Vice Presidents Collage

Heart Bern: Evaluating Sanders

Let me begin by saying how much I like Bernie Sanders. Having someone who looks and sounds like one of my cantankerous uncles going on about some idee fixe running credibly for president rather than making us nuts at the Seder table is pretty fun and cool.


However, I am not a socialist.


I also reject the apocalyptic arguments around Sanders. In a choice between Trump and Sanders I would choose Sanders without any second thoughts whatsoever. First, Sanders is a democratic socialist. He is working within the system to achieve his ends. In fact by some measures he has been pretty effective as a legislator. This is legitimate activity within our system. He is not talking about storming the barricades our seizing the means of production. He might turn the U.S. into something a bit more Scandinavian (Euro-style mixed economies aren’t all they’re cracked up to be, but they have their virtues). These are still societies with vibrant private sectors, it is something we could vote for. Also, it won’t happen. Our system makes it very, very hard to move things much. This has benefits and costs, but in our system it is a feature not a bug. The founders had studied history and knew the ancient democracies and republics had destroyed themselves.


(I fear Trump might damage our democratic processes – not fatally, but it won’t be much fun to watch.)


Finally, I understand and sympathize with the broader forces driving Sanders’ candidacy. A lot of people have been really screwed economically. Most young people who graduated since the 2008 crash see few prospects for moving forward. Further, there has been a broad decline in wages for certain kinds of labor. I have been personally fortunate, but I sincerely want to see policies that help address some of these problems.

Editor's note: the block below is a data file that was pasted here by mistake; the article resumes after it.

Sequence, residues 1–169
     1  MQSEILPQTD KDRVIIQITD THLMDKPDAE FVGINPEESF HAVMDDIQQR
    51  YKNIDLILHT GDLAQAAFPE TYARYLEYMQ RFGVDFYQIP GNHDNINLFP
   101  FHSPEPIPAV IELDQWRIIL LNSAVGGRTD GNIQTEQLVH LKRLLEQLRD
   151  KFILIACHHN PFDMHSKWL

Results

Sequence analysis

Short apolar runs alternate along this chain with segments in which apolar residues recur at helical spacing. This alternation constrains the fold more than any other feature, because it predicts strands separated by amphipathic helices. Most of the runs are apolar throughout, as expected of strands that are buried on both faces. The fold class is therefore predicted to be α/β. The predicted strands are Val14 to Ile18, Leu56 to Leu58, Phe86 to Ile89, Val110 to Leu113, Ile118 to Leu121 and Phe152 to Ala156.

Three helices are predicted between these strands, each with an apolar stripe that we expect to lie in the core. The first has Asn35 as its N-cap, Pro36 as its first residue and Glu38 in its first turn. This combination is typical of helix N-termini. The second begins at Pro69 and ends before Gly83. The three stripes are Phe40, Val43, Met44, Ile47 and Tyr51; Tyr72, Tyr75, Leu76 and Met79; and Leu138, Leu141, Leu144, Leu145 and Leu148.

However, I am not a socialist.


What I mean is that I sympathize with Sanders’ goals, but I fear his means will actually make things worse. 


Let’s put aside that (based on his recent interview) Sanders himself might not have thought through his proposals. He was incredibly vague about his signature issue of breaking up the big banks, nor did he make a terribly clear case that breaking them up would actually help anything. I want to insure everyone is benefitting economically. I have no love the big banks, but if it isn’t going to move the ball forward, don’t waste energy on it.


Peace, Land, Tuition!
Let’s take a major Sanders idea and break it down. He wants state universities to be free.


What is the purpose of this proposal? It seems to me that there are two. The first is provide a better educated population overall and the second would be to improve people’s employment prospects by making college more accessible.


I don’t think the first purpose is what we are really discussing. As a small c conservative, I am skeptical of the ability of education to magically make people wiser and smarter. College is simply not for everyone. Many people do not wish to go to college. In terms of receiving a broad liberal arts background and broadening their perspective on the world, I am not sure people clamber for this. If we want a better educated public, let’s figure out how to make our high schools work better.


Caveat: I’m not saying we should keep anyone out of college, I am just skeptical if it actually achieves the kinds of positive social ends desired.